Kibaki put Kenya on the right track but his foot wasn’t hard on the pedal
When a senior official dies in Kenya, the bureaucracy begins to deify the deceased. The man becomes a demigod who has dedicated his entire life to uplifting the poor. He hated corruption. Every shilling of his vast wealth was honestly acquired. Above all, he was a patriot who had no tribal bones in his body.
It’s a fantastic story. And yet, because we are a country easily seduced by myths like how people made their fortunes selling roadside chicken, these fantastic tales become our history.
Mwai Kibaki, the late Kenyan former president, was undoubtedly a brilliant mind. When we listen to his improvised speeches in the 1960s, we are amazed by his brilliance and his eloquence. He was able not only to clearly explain the problems facing the young country but also the political interventions of the government.
Today we hear politicians talk about debt in tired economic jargon. Kibaki grounded his arguments in economic theory, not dogmatically, but creatively to meet Kenya’s particular needs. If he and the late Tom Mboya had not joined politics and instead devoted themselves to finding economic solutions for Africa, we would have long since had a Nobel Prize-worthy plan for the continent’s economic renaissance.
Politics reduces brilliant minds to mediocrity and corrupts the integrity of honest people. This is because thieving systems and their operators hate honest and brilliant minds.
Thus, as Vice President under Daniel arap Moi, it was difficult to distinguish Mwai Kibaki from other sycophants singing like parrots as the President demanded. When the Moi regime banned democracy, Kibaki was euphoric about how quickly the bill making Kenya a de jure one-party state passed through parliament. Later, when the push for democracy began, Kibaki taunted democracy activists saying that trying to bring down Kanu’s ruling regime was like trying to cut down “a Mugumo tree with a razor blade”. .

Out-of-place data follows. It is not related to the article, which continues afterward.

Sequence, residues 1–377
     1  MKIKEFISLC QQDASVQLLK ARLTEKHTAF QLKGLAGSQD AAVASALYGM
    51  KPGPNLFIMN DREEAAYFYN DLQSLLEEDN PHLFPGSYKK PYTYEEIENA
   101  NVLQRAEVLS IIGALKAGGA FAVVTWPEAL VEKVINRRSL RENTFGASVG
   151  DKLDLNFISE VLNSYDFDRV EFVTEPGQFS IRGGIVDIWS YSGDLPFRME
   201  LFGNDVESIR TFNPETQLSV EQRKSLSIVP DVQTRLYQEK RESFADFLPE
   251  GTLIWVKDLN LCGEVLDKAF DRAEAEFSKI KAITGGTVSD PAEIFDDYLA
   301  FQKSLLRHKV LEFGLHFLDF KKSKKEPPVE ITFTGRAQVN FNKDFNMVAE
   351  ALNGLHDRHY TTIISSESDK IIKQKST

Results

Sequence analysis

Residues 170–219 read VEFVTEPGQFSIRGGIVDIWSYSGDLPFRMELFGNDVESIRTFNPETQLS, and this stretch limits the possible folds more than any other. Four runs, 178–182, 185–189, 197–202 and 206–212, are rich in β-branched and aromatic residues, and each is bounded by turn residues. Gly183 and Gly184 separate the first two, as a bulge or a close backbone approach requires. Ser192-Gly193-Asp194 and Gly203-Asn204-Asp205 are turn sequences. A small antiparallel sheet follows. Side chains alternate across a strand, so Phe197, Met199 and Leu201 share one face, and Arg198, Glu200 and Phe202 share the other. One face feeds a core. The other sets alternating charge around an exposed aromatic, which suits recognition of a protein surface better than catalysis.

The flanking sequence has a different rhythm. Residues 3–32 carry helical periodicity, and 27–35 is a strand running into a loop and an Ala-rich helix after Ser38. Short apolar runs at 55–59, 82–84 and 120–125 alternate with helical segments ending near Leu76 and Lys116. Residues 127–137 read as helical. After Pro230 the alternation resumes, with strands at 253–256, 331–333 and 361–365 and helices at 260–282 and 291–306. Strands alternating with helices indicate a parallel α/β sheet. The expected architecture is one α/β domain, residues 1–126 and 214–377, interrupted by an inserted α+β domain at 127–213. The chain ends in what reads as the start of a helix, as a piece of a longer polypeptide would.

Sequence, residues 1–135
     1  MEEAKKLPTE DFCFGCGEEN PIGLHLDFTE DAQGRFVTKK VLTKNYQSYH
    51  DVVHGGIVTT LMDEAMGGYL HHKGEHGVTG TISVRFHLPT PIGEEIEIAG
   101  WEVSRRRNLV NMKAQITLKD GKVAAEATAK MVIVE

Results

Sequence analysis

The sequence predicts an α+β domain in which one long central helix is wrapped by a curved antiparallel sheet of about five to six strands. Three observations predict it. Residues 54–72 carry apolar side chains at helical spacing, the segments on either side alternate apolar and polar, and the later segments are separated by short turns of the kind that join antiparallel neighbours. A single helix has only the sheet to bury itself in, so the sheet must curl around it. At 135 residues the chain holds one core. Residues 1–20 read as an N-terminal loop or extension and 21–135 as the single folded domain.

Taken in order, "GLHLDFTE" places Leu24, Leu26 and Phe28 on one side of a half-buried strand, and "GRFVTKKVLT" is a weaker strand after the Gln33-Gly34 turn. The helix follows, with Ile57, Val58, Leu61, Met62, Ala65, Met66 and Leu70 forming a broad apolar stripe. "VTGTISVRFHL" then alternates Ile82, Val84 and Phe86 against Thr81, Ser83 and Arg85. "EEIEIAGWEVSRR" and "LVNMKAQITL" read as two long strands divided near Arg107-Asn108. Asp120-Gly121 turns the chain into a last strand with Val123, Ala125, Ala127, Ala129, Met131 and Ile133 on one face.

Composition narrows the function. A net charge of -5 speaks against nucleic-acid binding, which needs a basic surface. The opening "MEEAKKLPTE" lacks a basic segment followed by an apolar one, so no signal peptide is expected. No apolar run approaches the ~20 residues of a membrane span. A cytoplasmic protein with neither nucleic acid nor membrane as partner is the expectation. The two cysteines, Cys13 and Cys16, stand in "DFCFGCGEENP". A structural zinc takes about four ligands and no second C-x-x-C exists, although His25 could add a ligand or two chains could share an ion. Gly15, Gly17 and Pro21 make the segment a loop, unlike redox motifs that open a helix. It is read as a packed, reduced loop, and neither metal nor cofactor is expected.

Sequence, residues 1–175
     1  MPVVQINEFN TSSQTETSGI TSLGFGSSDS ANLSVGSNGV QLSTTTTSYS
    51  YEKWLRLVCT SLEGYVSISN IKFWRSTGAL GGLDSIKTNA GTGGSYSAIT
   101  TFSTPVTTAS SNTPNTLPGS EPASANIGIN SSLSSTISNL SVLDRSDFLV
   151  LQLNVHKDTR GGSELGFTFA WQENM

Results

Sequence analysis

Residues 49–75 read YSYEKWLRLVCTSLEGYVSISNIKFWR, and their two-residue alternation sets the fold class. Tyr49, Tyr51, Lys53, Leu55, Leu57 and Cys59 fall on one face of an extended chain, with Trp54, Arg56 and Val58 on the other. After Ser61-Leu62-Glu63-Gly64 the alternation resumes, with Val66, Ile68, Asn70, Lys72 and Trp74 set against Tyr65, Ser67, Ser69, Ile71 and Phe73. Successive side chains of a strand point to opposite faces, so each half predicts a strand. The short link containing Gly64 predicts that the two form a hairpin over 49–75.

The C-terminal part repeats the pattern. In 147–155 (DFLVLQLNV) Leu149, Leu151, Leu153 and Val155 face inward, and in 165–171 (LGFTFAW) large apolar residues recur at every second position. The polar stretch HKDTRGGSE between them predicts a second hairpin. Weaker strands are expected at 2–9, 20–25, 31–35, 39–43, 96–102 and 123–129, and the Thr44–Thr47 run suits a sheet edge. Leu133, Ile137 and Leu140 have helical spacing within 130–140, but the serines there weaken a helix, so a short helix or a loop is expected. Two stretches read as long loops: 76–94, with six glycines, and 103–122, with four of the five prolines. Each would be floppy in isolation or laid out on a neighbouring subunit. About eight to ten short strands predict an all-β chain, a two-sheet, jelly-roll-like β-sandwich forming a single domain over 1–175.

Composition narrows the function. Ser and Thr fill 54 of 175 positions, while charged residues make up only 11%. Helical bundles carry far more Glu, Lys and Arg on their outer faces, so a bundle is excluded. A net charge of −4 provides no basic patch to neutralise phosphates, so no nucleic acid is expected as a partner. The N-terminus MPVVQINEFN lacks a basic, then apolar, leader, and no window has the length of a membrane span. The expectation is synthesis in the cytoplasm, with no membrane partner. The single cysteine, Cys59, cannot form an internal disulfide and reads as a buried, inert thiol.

It was only when the push towards democracy was irreversible that he abandoned the dictatorship he had served for so long. But, even then, instead of associating with others like Jaramogi Odinga, who had suffered greatly in the struggle for human rights, he formed his own party. Desperate pleas for him not to split opposition votes fell on deaf ears. So Moi won the presidency by a minority vote count.
It is true that Kibaki as president saved the country from a rabid and rapacious dictatorship. He renewed dead institutions. He freed the economy from the grip of cartels in government. Tax revenues have more than tripled. He tried, without much success, to fight against corruption. He introduced free primary education. The economy, in a coma under Moi, grew by seven percent. Unlike his predecessor, he facilitated the constitutional debate, which culminated in the 2010 constitution. No doubt Kibaki, as president, put the derailed train back on track. But he failed to press the accelerator at full throttle.
Tee Ngugi is a Nairobi-based political commentator